State and National Replication
Since its implementation in 1988, FAST has been funded by both the public and private sectors and has been recognized nationally for using an exemplary approach to building protective factors for at-risk youth. Federal funding has supported program development and research.
Two Statewide FAST Initiatives
Two State governments have funded and replicated FAST successfully. In 1990, Wisconsin passed State legislation to fund FAST for $1 million annually under an antidrug bill (AB 122) through the Wisconsin Department of Public Instruction (DPI). Each year, school districts can apply for a FAST grant ranging from $20,000 to $70,000 a year. Schools must subcontract with community agencies. Wisconsin's FAST grants are renewable for 2 years, with an 80/20, and then 40/60, ratio of State/district funds. DPI studies of program sustainability show that 91 percent of the State-funded pilot sites reported plans to maintain the program with local budget money after the 3-year State grants ended. FAST trainings and evaluations were voluntarily purchased by school districts, and the trained sites showed statistically significant ( <0.01) improvements of a magnitude of change of 20 percent (reported by teachers) to 25 percent (reported by parents) on standardized instruments in child functioning, family cohesion, and lessening of social isolation (see tables 3 and 4).
In 1995, the State of California Department of Social Services, Office of Child Abuse and Neglect awarded $40 million over 5 years to 12 counties under a Juvenile Crime Prevention Initiative for a 5-part, family-based program to reduce juvenile violence and crime. FAST was one of the five mandated components of the statewide initiative in each California location. FAST training and evaluation were also included by the State government to ensure the quality of the program replication. Each of the 12 participating California counties spends a minimum of $70,000 annually on FAST. The results of the FAST training and evaluations using six separate, repeated measures, pretests and posttests, and instruments with established reliability and validity show a statistically significant (p<0.01) positive impact on participating children and families (see tables 5 and 6). As a result of the program's success, many of the California sites have used other funding sources to increase the number of FAST schools.
Corporate and Foundation Support
Corporate and private sector funding has contributed greatly to the wide dissemination and replication process of FAST:
In 1993, Family Service America (FSA), an international nonprofit association of child- and family-serving agencies, initiated a 5-year project to disseminate FAST throughout its membership structure with the support of a DeWitt-Wallace Reader's Digest Foundation grant. FSA membership comprised about 240 family counselors, who were usually funded by United Way to provide psychotherapy, support groups, and other mental health services. FSA, which became the Alliance for Children and Families in fall 1998, recommended FAST to its member agencies as the best parent involvement program in the United States and encouraged their participation. Family counseling agencies that are Alliance members and have an interest in prevention have initiated school collaborations and received training and evaluation through the Alliance to implement FAST in many parts of the United States. From 1993 to 1998, a total of 51 FSA/Alliance member agencies began replicating FAST. The Alliance for Children and Families replication was a positive experience for all concerned: the Alliance's provision of training and evaluation technical assistance through the FAST program's leader enhanced the local agency director's willingness to try something new. The local member agencies also benefited from the program by broadening their community-based outreach activities and increasing the range of funding sources for their programs. The Alliance/FAST initiative continues to provide training and evaluation technical assistance to Alliance members throughout the United States and Canada.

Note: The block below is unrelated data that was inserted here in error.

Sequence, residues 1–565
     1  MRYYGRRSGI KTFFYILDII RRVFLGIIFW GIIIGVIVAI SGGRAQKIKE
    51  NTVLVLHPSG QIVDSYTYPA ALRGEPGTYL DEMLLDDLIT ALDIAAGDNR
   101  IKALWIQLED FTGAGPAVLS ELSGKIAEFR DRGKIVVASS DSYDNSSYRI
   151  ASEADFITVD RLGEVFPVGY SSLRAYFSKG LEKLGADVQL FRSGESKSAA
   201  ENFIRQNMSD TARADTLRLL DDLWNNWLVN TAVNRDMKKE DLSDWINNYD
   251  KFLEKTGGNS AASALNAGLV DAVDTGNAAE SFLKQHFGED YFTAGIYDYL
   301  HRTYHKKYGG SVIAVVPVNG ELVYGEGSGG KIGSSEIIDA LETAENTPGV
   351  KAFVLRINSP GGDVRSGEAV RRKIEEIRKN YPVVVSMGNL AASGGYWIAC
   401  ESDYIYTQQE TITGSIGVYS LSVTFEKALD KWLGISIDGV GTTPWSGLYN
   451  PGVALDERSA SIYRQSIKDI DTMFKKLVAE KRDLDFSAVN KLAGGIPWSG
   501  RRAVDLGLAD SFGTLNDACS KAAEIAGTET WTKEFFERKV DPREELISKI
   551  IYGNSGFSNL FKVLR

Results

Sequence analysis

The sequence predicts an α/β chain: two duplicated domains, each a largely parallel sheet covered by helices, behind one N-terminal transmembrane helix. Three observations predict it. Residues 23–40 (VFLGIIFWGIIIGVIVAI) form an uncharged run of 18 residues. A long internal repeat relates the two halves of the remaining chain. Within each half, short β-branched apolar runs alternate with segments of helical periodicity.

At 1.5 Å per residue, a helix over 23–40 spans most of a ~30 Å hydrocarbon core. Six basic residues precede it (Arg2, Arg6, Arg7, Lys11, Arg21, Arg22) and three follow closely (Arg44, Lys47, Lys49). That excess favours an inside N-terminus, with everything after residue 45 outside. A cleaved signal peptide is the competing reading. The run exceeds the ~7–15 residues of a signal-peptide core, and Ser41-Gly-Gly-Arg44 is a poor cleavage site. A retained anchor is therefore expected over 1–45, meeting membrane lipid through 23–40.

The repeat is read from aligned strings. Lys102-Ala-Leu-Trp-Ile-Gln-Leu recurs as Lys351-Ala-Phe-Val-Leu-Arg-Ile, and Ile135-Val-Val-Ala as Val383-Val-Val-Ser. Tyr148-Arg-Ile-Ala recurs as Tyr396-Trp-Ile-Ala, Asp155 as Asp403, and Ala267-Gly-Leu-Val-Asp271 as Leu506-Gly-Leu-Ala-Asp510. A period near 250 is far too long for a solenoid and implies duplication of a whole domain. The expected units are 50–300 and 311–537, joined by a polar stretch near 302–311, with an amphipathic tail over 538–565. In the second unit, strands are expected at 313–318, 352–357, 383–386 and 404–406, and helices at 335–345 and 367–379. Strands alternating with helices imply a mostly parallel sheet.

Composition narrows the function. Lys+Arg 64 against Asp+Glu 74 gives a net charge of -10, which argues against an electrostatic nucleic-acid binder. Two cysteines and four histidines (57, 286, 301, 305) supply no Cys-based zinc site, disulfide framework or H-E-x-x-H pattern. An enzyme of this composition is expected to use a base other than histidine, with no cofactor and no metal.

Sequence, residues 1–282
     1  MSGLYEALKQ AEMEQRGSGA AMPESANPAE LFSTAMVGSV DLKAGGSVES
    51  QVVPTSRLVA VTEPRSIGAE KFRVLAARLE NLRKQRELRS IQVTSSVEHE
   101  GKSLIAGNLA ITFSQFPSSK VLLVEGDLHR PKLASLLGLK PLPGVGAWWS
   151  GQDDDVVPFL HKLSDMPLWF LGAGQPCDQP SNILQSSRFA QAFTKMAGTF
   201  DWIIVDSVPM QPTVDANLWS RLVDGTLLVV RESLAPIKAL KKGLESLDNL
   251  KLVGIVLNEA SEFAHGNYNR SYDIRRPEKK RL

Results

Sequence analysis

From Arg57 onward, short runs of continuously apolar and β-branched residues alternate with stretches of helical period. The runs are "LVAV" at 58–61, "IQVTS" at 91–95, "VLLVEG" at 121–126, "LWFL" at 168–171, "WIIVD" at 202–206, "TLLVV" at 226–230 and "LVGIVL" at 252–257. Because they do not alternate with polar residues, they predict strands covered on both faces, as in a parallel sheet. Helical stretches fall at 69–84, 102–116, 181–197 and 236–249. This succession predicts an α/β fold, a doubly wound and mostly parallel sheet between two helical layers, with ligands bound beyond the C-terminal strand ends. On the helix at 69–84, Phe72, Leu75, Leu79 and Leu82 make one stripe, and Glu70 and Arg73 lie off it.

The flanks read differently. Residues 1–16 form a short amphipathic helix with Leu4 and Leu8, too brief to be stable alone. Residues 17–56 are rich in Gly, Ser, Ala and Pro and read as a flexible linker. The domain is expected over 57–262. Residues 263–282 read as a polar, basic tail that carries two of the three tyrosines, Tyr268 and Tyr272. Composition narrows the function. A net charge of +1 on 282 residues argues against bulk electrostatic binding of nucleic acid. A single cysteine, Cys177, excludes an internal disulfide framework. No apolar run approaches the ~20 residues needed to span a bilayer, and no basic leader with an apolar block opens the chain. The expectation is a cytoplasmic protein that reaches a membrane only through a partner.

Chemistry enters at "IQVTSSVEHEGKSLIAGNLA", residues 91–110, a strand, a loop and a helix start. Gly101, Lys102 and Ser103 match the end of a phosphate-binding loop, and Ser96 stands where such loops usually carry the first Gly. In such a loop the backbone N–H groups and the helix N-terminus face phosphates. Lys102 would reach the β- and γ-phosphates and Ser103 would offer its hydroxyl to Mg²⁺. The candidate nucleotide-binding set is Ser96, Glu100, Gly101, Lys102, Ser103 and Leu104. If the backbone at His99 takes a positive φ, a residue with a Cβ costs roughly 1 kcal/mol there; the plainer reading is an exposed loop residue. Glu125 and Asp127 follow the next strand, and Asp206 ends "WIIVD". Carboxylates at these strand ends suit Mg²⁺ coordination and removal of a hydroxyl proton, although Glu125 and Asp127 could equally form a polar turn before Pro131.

In 1998, Communities In Schools, Inc. (CIS), a national, nonprofit organization encompassing a network of State and local community-based CIS initiatives, embarked on a national replication of the FAST process. For more than 25 years, CIS has helped communities build local collaboratives that engage government, business, local and county agencies, school districts, nonprofit organizations, and families. CIS helps local communities develop a process that relocates existing services and resources into schools to help students and families succeed. The CIS collaborative brings together major stakeholders to create their own nonprofit agency that supports communitywide integrated planning and school-linked services to benefit children, youth, and families and to use community assets more effectively. There are 18 State CIS offices and more than 150 local CIS organizations in 30 States, Canada, and Ireland. CIS supports children in more than 1,000 schools in the United States. CIS considers FAST a major resource for family involvement and family strengthening that creates a school-based collaborative team and builds a long-term process that involves, empowers, and strengthens families. The CIS/FAST initiative enhances the CIS process with predictable and accountable outcomes. The CIS/FAST initiative is building a network of trainers who can use the CIS collaborative to build teams that bring FAST to local CIS school sites and that can engage school districts using FAST to explore the CIS process.